0:08:20.4 AF: And that requires connecting with them, spending lots of time with them, inspiring yourself ’cause you can’t really inspire them to reach higher until you’re also fired up. And that’s been kind of a fun challenge, like getting them in to trial. At this level, personal injury law is a catch-22, because the better you perform at setting up your case, the more money the insurance companies will wanna throw at you, and the more money your client therefore has to lose in trial. And we always advise our clients in a balanced, even handed way. It’s like okay, “We could improve your situation, but the jury is an unknown quantity.” So right now we’re making a push to get into more trials, and that’s a fun challenge to have, I think, right now that we’re trying to get our really good lawyers to turn that corner into being really phenomenal lawyers.
0:09:22.4 JF: I think all of those things I agree with, and a lot of those challenges were exacerbated by the fact that we were struggling with those things, or not struggling, but working on those things during a pandemic when we all got placed remote. And the way that I came up practicing law, it was knocking on my boss’s door or Ross’s door to sit with them for an hour of their time, asking questions and learning face-to-face, that kind of mentorship that became more challenging when we didn’t have the ability to be together every day.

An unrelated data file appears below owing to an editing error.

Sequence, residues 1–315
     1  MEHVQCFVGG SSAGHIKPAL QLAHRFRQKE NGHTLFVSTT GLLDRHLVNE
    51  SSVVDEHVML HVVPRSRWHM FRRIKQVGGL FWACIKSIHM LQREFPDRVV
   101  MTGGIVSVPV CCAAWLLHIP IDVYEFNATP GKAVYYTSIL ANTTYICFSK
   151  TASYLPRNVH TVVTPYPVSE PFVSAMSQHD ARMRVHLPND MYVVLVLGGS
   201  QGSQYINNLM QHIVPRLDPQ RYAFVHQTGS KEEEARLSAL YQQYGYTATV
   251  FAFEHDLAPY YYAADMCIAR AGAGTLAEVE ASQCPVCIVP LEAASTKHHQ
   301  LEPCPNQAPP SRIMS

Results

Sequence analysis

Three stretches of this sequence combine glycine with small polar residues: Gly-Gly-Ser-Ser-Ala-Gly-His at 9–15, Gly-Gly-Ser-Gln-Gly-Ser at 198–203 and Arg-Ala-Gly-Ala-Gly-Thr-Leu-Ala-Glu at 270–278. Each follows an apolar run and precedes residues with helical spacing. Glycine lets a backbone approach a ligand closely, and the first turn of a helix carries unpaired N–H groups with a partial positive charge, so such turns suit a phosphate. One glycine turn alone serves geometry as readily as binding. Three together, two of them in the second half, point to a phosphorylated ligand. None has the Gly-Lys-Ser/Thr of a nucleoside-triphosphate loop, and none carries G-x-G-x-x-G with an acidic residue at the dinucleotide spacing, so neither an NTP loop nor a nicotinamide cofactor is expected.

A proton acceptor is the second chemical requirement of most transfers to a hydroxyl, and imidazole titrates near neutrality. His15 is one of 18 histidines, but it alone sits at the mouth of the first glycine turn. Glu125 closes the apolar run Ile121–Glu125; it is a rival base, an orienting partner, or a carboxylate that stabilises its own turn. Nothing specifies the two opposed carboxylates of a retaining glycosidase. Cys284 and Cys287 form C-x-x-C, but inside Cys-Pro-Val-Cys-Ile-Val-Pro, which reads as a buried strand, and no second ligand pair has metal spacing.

0:10:10.1 JF: And in keeping with a lot of different industries, we’ve done our best to balance remote work with effective lawyering, and coming up with some of the tools that we have in order to bridge that gap over the last six months, year, year and a half, to remain together and continue to have “office hours” for everybody in the organization, and doing these get-together round tables where all the lawyers come in and pitch a couple of their cases and coming up with some creative solutions to those problems, that’s really actually been a lot of fun. It’s been a lot of fun to face those challenges and address those challenges and see the community that’s shaken out of that in a time where the word community has taken on a different meaning.
0:11:12.9 AF: Yeah, I meet lawyers in the community who run firms and they’re like, “Wow! How often are you all in the office? Are you doing five days a week, three days a week? Are you making them come in two days a week?” And I’m like, “We don’t make anyone do anything.” It’s a very FVF way to approach it, which is like, let’s set up a collaborative space and let’s get energized around that, and then people show up really excited, and then we have a great day together and have a lot of fun together while getting a lot done. And kind of having those inspiring moments where someone says like, “Hey, I’m stuck on this case. This is my problem. I’m trying to get from here to there,” and someone else says, “I’ve been down that road. Here’s how I got over it.” That’s been a wonderful process, a post-pandemic miracle for us. I really feel good about that.